Enter the grounds of the Landgräfliches Schloss (Count’s Castle), and you will notice the coat of arms of the Counts of Hesse-Homburg. Passing under the magnificent Lebanon cedar, a huge tree in the courtyard planted in 1820, you reach the steps of the actual castle. The original medieval castle was rebuilt as a Baroque palace for Count Friedrich II in 1680, and housed many counts of Hesse-Homburg thereafter, but gained major notoriety when Count Friedrich IV married English princess Elizabeth and the Heilquellen (healing springs) were discovered. Elizabeth expanded and modernised the castle, bringing in an aristocratic love of the neo-classical French influenced Biedermeier furniture, which is characterised by its use of pale woods with the occasional ivory inlay, usually depicting architectural motifs. By 1871, the German Empire was under the control of Kaiser Wilhelm, who, with his wife Auguste Victoria, sealed the fate of the little spa town as a small cultural centre of Europe. He has a separate wing of the castle that you can see on the guided tour. The tour is given daily in German, but if you call ahead, arrangements can be made in English. Also famous is the 48m high Weisse Turm (White Tower), which has been the symbol of Bad Homburg for centuries, immortalised in poetry by Goethe. Take a walk through the palace gardens, which are superbly maintained and have beautiful cobblestone lined paths, with a large lake as the focal point in the centre. As you exit the palace gardens, head toward the Ritter-von-Marx Bridge, and you will see the charming Dietigheim settlement to your right and left, a small village that grew into a community of craftsmen and is enclosed by a fortified wall. It is a picture perfect gathering of medieval German homes and gardens.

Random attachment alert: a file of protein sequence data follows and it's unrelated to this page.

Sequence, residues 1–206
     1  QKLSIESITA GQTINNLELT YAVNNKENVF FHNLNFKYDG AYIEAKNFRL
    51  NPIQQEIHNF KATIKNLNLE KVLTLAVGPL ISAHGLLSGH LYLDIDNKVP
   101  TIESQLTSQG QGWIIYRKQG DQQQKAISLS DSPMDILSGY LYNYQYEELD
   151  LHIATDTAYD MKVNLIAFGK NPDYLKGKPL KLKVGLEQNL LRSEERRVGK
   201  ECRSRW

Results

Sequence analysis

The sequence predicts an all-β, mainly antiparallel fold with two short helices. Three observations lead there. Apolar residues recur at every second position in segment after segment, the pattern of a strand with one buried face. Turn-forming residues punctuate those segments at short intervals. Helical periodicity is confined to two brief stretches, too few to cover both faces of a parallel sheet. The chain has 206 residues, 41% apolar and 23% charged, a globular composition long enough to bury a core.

Open 09:00-17:00, Sat, Sun 10:00-18:00.